As Halloween approaches, several cemeteries across Colorado are offering guided tours highlighting their most famous residents, and this weekend Claire Martin rounded up the events for the Denver Post (“Grave Histories”). The article points out that instead of dwelling on the macabre, most cemetery tour guides focus on teaching regional history. I’ve long enjoyed stopping in cemeteries in little towns and reading the inscriptions to see what I can learn about the lives of the pioneers who settled in these places. My favorite such discovery is the Keota cemetery in Weld County, which I found a few years ago when I was heading for a hike at the Pawnee Buttes in the northeast corner of the state. Keota itself is considered a ghost town, though there are apparently a few people still living in the area.
Most of the attention-getting ghost towns in Colorado are the abandoned mountain settlements that prospered during mining booms and faded when the mines did. Keota is a good example of a ghost town that followed a different course. The town of Keota was an agricultural settlement established in 1888 after the Colorado & Wyoming Railroad laid some tracks nearby. Keota seems to have never been particularly prosperous; Marek Uliasz, whose website features gorgeous, haunting photographs of northern Colorado places, summarizes the town’s history:
“Even during its most successful time, just before the World War I, Keota never had a population of more than 150, but it served some 1000 to 1500 homesteading neighbors. At that time Keota had daily passenger service on the railroad, then service became weekly, then not at all. The water from wells became undependable and during the driest years water had to be shipped in by railroads and trucks. The bank failed in 1923. The high school built in 1915 was closed in 1951. Railroad tracks were dismantled 1970s and, finally, the post office was discontinued in 1974. Today, the remaining ruins including the church are being repossessed by the prairie.”?
The town’s cemetery occupies a small plot of fenced land at a remove from the remaining town buildings, and the way that this little graveyard is situated alone among the vast prairie evokes the hardships the town’s residents must have experienced. Nareen Lake has done an excellent job of recording the information from all the gravestones here. The headstones reveal that childhood mortality was appallingly common early last century—there’s two-year old Nellie Cowley (1911-1913), eight-year-old Clyde Parsons (1904-1912), and almost four-year-old Carolina Schreiner (1910-1914) among many other children buried there. There are also a host of men and women who made it past their childhoods but still died too young, such as 19 year-old Grace Stewart Hodson (1912-1931) and 18 year-old Harry Baker (1903-1921).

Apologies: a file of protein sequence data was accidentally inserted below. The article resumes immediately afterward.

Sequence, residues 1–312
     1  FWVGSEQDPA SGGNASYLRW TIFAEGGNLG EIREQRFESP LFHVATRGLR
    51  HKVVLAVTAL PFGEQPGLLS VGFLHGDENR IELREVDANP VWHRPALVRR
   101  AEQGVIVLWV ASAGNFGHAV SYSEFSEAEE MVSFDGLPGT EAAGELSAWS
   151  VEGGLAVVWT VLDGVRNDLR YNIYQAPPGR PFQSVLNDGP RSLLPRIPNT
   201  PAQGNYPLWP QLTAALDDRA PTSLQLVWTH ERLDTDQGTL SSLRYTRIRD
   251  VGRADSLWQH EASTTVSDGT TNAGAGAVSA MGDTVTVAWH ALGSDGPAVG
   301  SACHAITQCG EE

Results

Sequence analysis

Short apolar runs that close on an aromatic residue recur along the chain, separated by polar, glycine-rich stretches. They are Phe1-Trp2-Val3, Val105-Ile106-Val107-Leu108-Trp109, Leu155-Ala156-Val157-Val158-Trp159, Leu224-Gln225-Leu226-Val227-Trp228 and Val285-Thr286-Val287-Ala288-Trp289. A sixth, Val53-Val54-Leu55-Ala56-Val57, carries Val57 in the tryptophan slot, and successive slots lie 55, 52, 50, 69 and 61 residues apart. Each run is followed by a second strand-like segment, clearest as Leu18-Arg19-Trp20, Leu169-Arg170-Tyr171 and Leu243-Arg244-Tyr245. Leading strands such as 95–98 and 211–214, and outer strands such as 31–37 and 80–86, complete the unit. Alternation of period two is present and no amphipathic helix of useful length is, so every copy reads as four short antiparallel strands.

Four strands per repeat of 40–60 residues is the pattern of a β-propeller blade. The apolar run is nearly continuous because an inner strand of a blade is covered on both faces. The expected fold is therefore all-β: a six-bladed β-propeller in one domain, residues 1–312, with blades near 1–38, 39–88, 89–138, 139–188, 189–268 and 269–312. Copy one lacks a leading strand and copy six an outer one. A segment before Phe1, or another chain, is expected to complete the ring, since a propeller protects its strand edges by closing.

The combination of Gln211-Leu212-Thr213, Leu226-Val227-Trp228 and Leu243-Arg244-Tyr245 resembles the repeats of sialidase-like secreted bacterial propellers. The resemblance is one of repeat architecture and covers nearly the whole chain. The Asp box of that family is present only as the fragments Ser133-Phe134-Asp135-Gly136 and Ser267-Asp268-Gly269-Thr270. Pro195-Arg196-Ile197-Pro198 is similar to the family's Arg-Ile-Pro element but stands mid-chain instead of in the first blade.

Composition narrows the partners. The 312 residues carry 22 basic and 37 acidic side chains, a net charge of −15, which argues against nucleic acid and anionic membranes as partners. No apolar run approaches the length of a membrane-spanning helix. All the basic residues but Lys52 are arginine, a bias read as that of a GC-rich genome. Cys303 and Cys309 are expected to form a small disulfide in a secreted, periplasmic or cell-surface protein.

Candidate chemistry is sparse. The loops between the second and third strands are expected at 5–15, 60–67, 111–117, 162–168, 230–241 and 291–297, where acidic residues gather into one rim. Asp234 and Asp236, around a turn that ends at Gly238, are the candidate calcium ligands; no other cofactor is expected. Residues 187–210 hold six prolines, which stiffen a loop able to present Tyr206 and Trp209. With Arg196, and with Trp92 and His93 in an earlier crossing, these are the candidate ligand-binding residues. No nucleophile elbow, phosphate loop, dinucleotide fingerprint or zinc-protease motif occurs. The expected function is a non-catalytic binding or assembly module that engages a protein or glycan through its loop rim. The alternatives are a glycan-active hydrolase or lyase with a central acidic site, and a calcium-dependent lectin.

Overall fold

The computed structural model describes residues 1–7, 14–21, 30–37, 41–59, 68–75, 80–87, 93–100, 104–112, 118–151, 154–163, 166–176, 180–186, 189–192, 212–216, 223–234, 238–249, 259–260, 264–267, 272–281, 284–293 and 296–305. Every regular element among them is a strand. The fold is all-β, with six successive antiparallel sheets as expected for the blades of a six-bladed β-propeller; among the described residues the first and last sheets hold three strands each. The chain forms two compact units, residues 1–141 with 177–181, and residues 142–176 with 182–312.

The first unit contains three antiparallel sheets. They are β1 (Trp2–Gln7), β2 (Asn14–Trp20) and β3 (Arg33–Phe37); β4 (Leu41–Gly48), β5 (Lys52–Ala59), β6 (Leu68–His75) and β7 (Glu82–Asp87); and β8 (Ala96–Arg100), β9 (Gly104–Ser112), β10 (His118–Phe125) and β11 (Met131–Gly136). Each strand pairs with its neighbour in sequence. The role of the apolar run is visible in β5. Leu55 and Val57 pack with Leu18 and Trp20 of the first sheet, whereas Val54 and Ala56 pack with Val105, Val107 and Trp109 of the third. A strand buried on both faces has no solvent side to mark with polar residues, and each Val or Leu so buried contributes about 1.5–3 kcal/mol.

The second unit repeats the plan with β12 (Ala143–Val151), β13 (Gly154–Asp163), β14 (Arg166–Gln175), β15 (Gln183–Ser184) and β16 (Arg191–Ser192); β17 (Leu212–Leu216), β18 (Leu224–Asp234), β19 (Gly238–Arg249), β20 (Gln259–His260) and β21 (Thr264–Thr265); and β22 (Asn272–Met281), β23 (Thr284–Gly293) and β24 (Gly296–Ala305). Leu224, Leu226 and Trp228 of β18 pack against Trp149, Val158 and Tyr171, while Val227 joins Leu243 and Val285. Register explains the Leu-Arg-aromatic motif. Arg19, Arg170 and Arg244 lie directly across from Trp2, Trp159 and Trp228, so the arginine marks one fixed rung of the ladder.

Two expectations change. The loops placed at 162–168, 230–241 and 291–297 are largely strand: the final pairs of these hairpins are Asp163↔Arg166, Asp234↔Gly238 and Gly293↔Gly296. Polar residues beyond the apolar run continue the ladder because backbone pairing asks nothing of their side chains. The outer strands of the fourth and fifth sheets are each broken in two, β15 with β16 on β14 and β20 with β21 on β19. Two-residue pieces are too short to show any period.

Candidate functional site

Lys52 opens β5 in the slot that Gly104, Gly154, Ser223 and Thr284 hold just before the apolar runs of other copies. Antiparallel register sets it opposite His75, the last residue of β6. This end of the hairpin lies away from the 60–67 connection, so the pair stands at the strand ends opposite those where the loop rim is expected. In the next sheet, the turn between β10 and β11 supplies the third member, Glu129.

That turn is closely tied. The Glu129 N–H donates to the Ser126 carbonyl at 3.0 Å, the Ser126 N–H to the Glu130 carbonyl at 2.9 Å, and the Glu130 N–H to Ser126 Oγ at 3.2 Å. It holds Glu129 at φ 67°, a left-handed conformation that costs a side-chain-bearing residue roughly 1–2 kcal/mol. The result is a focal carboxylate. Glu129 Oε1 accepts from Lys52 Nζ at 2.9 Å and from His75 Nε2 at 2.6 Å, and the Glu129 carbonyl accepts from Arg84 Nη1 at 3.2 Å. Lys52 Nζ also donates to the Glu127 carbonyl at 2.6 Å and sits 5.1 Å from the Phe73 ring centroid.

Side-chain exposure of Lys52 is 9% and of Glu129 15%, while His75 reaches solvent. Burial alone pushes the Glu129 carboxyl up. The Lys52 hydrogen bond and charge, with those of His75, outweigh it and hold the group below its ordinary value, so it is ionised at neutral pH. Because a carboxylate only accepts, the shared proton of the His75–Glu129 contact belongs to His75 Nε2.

But there are also plenty of Keota residents who lived to a ripe age, such as ninety-year-old Molly J. Bennett (1907-1997). The out-and-out star of the Keota cemetery, though, is Ms. Edith Grace Steiger (1912-1989), whose headstone bears an informative and intriguing description: “In loving memory of Edith Grace Steiger’s life and efforts to preserve the Colorado Prairie. Edith was an accomplished pilot, pianist, author, professor of economics and environmentalist.”? Ms. Steiger sounds like a fascinating person—a vigorous, engaged, intelligent, true Colorado pioneer woman—and I’ve always meant to find out more about her. Alas, she lived in the era before Google, so I haven’t discovered much.
Someone named Edith Steiger Phillips of “near Keota, Colorado”? was featured in a September 1984 National Geographic article about soil conservation, which was likely the woman I’m interested in. I found another mention of her in Douglas Helms’ 1990 article from Agricultural History, “Conserving the Plains: The Soil Conservation Service in the Great Plains.”? Helms writes that “between 1977 and 1982 wheat farmers planted large tracts of grassland in Montana (1.8 million acres), South Dakota (750,000 acres), and Colorado (572,000 acres). In some places the resulting wind erosion proved a nuisance to neighbors. Some vocal and effective local landowners such as Edith Steiger Phillips of Keota, Colorado, wanted action. The Coloradans persuaded Senator Williams Armstrong in 1981 to introduce a bill that would deprive those who plowed fragile lands of price support payments…The Armstrong bill, finally dubbed the ‘sodbuster bill’ did not become law.”?
But that’s where my trail on Ms. Steiger runs cold—I can’t find any record of where she might have taught, or what has become of her writings. Still, when I visited her grave in the little Keota cemetery not far from the town where she spent her life, I felt I could almost picture her, a formidable woman gazing out at the beloved prairie that she worked so hard to protect. And that’s the kind of ghost that I can live with.